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Thread: Word 2000 Growing Files
2001-06-08, 20:15 #1
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Word 2000 Growing Files
I was passed the following article. In short, it states that Word 2000 keeps all edits for a document and when that file is open in a previous version (Word 97), all the revisions are displayed. I do not know the source of this article and I have not been able to confirm or deny bug. Has anyone seen this before.
Thanks in advance!
Many users of Microsoft Word 2000 have noticed an annoying phenomenon -- their documents keep getting bigger every time they're edited. Even deleting the entire content of a document doesn't reduce its size. Microsoft recommends using "Save As" to re-save an oversized document into another file, which then reduces the size back to a respectable number of bytes. One day, not long ago, a hapless Word 2000 user reported to this editor that he had learned the hard way why Word documents stay so large -- they retain all the text you ever typed in that document. He
discovered this when a potential employee called to ask why the salary offer he received was less than that offered to another applicant for a similar job. The Word users had done what we all do -- cloned a letter from another similar letter -- never suspecting that Word 2000 would betray them.
It turns out that Word 2000 documents, when opened by previous versions of Word (such as Word 98), reconstitute all the text ever typed in the document! The older versions of Word know nothing of Word 2000's penchant for holding onto old text, so the older versions merge the deleted text right into the latest prose and display it to whoever happens to get your final draft.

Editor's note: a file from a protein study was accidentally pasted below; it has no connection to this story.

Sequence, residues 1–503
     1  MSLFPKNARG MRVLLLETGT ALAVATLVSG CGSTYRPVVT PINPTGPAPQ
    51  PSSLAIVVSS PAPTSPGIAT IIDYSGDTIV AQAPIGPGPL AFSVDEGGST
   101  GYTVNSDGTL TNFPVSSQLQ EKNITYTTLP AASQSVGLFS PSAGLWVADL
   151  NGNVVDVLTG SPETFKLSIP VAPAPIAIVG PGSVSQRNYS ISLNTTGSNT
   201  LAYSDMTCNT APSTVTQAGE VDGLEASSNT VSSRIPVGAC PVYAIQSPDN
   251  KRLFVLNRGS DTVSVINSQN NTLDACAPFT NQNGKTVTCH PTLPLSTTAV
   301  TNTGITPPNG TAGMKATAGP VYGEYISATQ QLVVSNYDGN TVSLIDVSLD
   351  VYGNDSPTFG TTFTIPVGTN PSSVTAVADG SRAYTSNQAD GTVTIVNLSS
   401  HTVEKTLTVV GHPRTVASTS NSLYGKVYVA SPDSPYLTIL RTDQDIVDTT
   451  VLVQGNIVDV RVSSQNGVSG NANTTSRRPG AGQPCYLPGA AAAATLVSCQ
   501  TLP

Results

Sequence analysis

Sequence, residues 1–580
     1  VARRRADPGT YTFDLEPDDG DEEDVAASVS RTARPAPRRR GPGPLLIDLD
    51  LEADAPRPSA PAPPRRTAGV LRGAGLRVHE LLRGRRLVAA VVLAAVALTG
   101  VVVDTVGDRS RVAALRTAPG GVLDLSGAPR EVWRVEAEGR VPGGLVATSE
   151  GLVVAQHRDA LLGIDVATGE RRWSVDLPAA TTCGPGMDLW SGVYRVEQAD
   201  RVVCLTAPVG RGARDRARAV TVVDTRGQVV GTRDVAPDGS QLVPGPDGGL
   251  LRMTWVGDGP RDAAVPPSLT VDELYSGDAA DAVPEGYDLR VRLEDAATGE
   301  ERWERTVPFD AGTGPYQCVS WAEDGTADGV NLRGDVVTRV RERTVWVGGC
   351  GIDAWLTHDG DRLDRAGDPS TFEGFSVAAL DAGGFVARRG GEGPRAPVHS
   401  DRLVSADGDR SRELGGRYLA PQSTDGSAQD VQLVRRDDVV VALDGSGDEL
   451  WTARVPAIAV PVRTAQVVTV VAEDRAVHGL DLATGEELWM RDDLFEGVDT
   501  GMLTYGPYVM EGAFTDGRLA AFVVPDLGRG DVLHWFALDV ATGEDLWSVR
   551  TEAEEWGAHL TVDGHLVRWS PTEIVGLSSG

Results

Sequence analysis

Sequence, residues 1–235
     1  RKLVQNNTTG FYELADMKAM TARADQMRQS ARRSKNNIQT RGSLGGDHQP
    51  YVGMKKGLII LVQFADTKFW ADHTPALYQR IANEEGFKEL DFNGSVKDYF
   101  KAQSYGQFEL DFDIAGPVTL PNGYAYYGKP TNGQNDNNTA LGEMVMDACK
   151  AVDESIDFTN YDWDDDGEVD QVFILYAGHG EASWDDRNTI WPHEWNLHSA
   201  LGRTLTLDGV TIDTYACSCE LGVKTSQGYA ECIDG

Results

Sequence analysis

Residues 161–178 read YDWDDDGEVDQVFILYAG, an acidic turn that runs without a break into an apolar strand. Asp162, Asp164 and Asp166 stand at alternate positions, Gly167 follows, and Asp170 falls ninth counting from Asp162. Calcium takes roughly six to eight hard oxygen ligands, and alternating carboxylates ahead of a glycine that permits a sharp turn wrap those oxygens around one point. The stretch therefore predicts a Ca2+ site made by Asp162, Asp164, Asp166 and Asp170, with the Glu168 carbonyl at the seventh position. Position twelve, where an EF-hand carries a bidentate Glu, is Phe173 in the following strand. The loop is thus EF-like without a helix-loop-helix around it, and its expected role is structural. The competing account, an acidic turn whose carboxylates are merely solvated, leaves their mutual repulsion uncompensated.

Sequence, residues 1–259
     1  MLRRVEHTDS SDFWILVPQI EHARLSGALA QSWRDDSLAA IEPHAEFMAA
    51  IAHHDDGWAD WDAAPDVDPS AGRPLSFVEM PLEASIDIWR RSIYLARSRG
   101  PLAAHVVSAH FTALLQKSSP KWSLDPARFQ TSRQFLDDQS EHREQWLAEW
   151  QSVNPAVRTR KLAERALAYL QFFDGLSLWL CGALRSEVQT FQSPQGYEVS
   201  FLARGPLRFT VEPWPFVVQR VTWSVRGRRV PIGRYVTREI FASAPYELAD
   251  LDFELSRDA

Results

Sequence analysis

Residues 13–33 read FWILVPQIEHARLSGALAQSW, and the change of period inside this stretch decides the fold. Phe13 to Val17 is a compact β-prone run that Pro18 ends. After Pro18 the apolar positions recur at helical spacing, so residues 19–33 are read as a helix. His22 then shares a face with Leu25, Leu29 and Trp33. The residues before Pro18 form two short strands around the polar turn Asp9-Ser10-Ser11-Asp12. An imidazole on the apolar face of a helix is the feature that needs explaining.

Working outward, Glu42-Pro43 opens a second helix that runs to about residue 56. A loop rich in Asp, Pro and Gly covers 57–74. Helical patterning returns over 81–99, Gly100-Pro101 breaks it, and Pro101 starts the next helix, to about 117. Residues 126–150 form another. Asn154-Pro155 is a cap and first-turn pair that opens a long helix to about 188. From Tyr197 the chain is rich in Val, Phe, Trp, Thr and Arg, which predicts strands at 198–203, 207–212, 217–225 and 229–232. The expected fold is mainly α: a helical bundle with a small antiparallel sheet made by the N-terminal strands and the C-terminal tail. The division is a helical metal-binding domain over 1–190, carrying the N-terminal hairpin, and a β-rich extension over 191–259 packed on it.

Think about that for a minute. Anyone can read all your prior drafts, all the root documents from which you cloned others, and all the hasty things you cast in fontcrete but then had the presence of mind to delete from the final version.
Microsoft has not commented.
There is a workaround: Go back to a previous version of Word. Alternatively, you can copy and paste letters you want to clone and do a Save As on the final version of a document in order to compress out the previous history.
2001-06-08, 23:09 #2
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Re: Word 2000 Growing Files
Perhaps someone else will be able to confirm this authoritatively, but it seems to me that what's described will only happen if:
(1) Allow Fast Saves is turned on (best practice is to leave it off) OR
(2) The File Versions featured has been used (another feature best to avoid).Gary Frieder
2001-06-09, 04:45 #3BAMGuest
Re: Word 2000 Growing Files
Here's some info from one of my previous posts:
Metadata can be categorized in two basic groups, information the user can control and information that is automatically stored.
It is the information that the user controls that can lead to the recovery information still stored in the document but are unable to immediately see it on-screen.
For the most part those are:
- "Fast Saves" turned on in Tools/Options/Save. A fast save simply appends revisions to the document rather then completely rewriting the file.
- A document protected for Tracked Changes. You will see "TRK" in bold in the status bar if this is the case. If in doubt, go to Tools/Track Changes/Accept or Reject to see if changes exist.
- Document Versions, these are found under File/Versions
- Hidden text
- Metadata in embedded objects
The metadata that is automatically stored with the file is the type of information people wish to remove to maintain anonymity (or by those that steal documents so it appears as though they have created them <g>)
That is information such as:
- Your name
- Company name
- Previous authors
- Previous file locations
- Previous file names (Yes you should always be careful of what you use for file names! <g>)
- File properties
As for some type of authority on this actually happening, this same "article" was posted in the <A target="_blank" HREF=http://news://msnews.microsoft.com/microsoft.public.word.application.errors>http://news://msnews.microsoft.com/microso...lication.errors</A> newsgroup recently and there was some discussion on it. One post gained the attention of Richard Roddy from Microsoft Word Support to post a reply in rebuttal.
He's posted in the past - but has never really identified himself until now. IMHO, that's pretty authoritative! <img src=/S/grin.gif border=0 alt=grin width=15 height=15>